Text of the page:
Manage Your Practice

Solving the Physician Retirement Crisis

February 3, 2020

You’ll feel good about yourself today because, together, we’re going to solve the physician retirement crisis.

What, you haven’t heard about the crisis?

Well, obviously as the baby boomer generation is getting older, there are more and more physicians using the “R” word, “retirement.”

I can’t tell you how many physicians I’ve known who’ve retired only to die shortly thereafter. Just like other clients who sold their businesses, lost purpose, and then, well, dropped dead.

I know that many disagree with me. They think retirement is some sort of goal. They’ve fallen for the notion of the “golden years”, blah, blah, blah, and so they are letting their colleagues, and their medical groups, know that they are going to be retiring soon.

Now, certainly, I understand that if a physician is losing his or her skills, if they’re in a specialty that requires very small motor movements, and their hands are beginning to shake, well that’s another story.

But that’s not what I’m talking about.

I’m talking about the choice that otherwise healthy physicians make to retire. Why are they making that choice? Is it that they actually want to stop working, which is the assumption. Or is it actually something else? What underlies the “why”?

For many, it’s that they want to slow down. They don’t want the same level of intensity. But if that’s really the underlying “why,” perhaps the assumption made by their group, that someone is either in or out, should change.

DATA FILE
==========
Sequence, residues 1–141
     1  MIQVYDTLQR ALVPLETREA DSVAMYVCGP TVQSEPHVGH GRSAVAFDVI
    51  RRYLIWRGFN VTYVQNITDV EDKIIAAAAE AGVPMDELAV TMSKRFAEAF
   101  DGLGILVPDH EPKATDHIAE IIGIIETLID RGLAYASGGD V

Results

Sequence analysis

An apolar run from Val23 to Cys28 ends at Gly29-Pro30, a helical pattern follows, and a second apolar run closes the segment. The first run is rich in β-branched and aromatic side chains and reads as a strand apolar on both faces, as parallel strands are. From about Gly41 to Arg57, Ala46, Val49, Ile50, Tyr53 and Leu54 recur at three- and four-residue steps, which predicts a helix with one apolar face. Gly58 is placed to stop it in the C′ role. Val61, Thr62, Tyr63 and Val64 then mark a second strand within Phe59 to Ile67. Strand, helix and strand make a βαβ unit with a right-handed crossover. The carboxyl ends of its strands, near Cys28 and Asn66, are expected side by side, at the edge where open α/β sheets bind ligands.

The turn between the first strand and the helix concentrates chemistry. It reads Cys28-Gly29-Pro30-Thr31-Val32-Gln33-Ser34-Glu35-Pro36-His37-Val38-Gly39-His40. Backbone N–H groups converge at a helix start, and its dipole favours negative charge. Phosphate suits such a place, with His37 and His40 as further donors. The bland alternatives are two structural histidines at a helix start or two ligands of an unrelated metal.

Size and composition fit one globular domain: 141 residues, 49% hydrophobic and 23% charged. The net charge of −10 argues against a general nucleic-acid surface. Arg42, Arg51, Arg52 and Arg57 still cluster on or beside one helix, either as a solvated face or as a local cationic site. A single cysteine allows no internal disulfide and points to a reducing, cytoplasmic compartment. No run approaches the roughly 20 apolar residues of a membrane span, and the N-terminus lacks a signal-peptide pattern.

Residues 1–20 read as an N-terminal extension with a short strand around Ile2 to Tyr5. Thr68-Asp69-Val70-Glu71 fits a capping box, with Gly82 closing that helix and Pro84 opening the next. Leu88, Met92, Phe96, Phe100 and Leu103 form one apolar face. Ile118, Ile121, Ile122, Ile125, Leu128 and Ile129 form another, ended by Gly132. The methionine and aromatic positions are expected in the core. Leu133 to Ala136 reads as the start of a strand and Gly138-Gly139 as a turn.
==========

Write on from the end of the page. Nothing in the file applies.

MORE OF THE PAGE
Why would it change? Certainly, some medical groups function like accounting firms, where the older partners are pushed out because, if you look at the numbers, it makes sense to push them out . . . there’s more money left for the younger partners.

But is that really the case if, for a medical group, what’s walking out the door is the relationship with the hospital CEO, what’s walking out the door is the twenty years of experience as the group’s president? Is it really a savings to have that person leave? Or is it actually something that’s going to cost the group, and, therefore, the remaining members, money?

On paper, the first year or the second year after the “retiree” is gone, it certainly looks like you saved money because their compensation is no longer a drag on the group. “Hey! Extra money in the bank!” Or, just, “extra money for me!”

But is it really extra money in the bank if you lose key relationships that were putting all of the money in the bank or in your pocket?

The issue then becomes considering ways of repurposing people who would otherwise completely retire.

One client group found their solution: to share positions so that physicians who certainly had their skills, but desired to slow down, split a position. Two physicians sharing one role. Even three.

Other client groups found different solutions, some involving workload and some involving governance and leadership.

Yes, there are issues. Do those physicians retain their full voting rights? Do those physicians receive whatever other benefits the group gives its owners, for example extra year end distributions from a profit pool? But all of those issues can be solved.

What I want you to focus on from the group’s perspective – and, if you’re one of those physicians who’s about to retire, from your own perspective – is what retirement really means.

How can skills and relationships that would otherwise be lost, still be harnessed?

Just like those wealth management people say, the best time to plan for retirement is years in advance. Or today if you haven’t yet stated.

The same rules apply to the governance and group structure issues that can prevent the “retirement” of Dr. X from leading not simply to his death, but to the death of your group as well.

Comment or contact me if you’d like to discuss this post.

Mark F. Weiss

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